With unemployment at its lowest since reunification, a growing economy and a chance of winning the football World Cup, a new study suggests Germany is at its most optimistic in history.
From the country that you brought you weltschmerz, schadenfreude and other existential terms for neurosis and unhappiness, comes perhaps the most surprising find of all. Germany is at its most optimistic in history.
That’s according to a new report by the German Economic Institute in Cologne, which found that more than half of all residents are extremely satisfied with their lives. Just 2 per cent describe their contentment levels as low. And the report says that unemployment in Germany has reached its lowest level since reunification.
Put that all against an economy that is forecast to grow, and life-satisfaction is at an all-time high. The study’s co-author Mara Ewers said that the universal state-funded healthcare has left swathes of pensioners optimistic. “At an individual level people are growing older, staying healthier and feeling supported by the generous healthcare system,” she told Channel 4 News.
“That generates less anxiety about the future and a sense of assurance that the future is taken care of.”
Of course, from an external perspective, there is much to be cheery about: Germany’s football team have advanced to the last 16 of the World Cup, Angela Merkel appears to have marshalled the country through the eurozone crisis with economic growth of 2 per cent forecast for this year. And when other global manufacturing markets have hit a standstill, car manufacturers like BMW and Volkswagen have been among the top-five performers over the past five years.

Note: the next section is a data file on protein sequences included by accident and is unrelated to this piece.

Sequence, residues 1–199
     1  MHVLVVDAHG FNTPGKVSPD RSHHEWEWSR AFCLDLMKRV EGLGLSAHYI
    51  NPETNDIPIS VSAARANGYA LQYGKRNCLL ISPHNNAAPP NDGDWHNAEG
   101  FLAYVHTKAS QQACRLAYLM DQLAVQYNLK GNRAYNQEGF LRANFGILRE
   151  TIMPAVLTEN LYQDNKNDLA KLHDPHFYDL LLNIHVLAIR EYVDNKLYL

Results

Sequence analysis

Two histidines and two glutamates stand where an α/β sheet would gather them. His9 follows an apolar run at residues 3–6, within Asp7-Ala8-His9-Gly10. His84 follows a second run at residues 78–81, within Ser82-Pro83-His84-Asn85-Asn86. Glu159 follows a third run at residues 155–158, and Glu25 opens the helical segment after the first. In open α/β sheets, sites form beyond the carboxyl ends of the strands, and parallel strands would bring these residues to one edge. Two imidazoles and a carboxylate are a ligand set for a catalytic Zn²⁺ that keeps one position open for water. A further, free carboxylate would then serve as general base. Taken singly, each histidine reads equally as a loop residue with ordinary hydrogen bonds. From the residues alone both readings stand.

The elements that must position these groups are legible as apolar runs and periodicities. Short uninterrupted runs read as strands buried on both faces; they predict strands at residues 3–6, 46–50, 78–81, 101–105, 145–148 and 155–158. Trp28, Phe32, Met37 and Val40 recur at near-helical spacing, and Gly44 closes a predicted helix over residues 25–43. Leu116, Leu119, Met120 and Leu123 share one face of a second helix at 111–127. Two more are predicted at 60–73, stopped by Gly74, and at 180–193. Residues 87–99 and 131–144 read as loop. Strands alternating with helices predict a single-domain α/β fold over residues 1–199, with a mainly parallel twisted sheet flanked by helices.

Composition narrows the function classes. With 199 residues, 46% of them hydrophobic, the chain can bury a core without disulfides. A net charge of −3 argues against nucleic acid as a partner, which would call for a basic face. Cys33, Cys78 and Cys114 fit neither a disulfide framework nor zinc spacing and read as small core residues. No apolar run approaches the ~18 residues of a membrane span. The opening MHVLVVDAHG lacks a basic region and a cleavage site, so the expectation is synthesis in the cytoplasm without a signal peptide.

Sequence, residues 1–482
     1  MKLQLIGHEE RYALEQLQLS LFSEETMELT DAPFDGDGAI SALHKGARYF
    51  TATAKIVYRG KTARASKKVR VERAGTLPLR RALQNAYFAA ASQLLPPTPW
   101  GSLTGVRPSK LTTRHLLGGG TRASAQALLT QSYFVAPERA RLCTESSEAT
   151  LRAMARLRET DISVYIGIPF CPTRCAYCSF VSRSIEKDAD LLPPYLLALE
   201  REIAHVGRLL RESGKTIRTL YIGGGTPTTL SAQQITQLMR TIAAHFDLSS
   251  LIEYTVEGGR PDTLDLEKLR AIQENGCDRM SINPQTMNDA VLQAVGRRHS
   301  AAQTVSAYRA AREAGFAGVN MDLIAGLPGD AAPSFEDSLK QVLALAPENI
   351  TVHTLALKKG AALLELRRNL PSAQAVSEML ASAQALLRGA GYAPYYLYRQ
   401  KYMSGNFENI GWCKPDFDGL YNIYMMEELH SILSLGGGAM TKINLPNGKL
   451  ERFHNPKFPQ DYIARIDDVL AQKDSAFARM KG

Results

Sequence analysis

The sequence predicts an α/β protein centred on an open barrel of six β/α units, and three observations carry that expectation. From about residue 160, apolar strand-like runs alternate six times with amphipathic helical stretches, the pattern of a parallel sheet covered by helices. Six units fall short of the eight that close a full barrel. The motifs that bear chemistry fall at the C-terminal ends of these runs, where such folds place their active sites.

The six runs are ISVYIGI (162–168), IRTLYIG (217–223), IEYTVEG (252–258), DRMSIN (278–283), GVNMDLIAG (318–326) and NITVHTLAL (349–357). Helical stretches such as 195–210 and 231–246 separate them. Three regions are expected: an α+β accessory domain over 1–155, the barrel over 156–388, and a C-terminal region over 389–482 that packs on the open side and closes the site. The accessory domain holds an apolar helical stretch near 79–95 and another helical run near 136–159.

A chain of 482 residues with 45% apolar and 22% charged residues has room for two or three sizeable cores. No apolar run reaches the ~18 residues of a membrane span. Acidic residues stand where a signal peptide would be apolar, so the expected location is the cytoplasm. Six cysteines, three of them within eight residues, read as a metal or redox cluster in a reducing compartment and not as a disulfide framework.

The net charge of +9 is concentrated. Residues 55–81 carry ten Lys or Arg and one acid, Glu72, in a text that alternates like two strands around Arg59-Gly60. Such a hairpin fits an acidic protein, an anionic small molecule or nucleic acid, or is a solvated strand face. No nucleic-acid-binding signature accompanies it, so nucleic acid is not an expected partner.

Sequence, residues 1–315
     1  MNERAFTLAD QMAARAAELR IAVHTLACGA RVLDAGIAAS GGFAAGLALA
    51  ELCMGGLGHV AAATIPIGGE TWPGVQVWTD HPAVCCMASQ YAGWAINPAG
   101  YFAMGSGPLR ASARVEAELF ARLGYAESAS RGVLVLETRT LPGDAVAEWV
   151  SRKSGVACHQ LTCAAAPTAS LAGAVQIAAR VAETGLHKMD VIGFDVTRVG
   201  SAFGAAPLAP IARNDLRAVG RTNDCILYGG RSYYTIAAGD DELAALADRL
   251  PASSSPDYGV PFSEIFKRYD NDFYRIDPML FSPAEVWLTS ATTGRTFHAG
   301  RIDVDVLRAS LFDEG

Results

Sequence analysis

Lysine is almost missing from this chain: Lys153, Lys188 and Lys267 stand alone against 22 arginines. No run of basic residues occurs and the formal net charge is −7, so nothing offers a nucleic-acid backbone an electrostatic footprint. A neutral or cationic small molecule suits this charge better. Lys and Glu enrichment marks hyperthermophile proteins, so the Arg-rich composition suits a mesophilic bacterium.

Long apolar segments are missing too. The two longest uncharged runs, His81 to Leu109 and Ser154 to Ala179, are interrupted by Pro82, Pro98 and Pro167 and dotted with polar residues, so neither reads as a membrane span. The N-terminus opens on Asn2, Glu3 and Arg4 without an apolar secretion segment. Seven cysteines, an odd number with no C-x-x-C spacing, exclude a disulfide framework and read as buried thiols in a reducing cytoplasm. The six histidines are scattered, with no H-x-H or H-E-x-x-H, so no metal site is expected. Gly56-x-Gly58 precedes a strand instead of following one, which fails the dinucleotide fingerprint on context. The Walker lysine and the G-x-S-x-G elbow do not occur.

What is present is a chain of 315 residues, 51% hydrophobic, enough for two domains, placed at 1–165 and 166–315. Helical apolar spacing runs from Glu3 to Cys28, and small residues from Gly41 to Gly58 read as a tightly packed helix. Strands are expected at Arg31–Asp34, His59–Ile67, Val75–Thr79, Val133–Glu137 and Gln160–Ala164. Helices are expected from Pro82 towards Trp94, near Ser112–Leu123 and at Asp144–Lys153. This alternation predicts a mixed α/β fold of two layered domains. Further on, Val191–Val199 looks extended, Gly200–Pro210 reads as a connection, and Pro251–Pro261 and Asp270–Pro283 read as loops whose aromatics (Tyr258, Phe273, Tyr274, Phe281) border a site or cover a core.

The happiest Germans live in the north: Hamburg and Schleswig-Holstein registered satisfaction rates of 55 per cent and 53 per cent the study says, while only 35 per cent of those living in Brandenburg in the old east said they were content with their lives.
Although only a tenth of Germans do honorary charity work on a regular basis, these 10 per cent are significantly more content than others.
The data, drawn from a 2012 poll of around 20,000 people, shows that even those out of work were more optimistic about finding future employment. No wonder an OECD study in May suggested Germany had established itself as the most popular destination in Europe for permanent migration, second among leading industrial nations only to the US.
But before we all decide to up and move to a potential World Cup winning country – there are a few caveats. “This study just looks at how the Germans see themselves. They are not the most optimistic country in Europe,” Ms Ewers warns. “That mantle would probably go to Switzerland, Norway or Denmark. Germans are comparatively pessimistic.”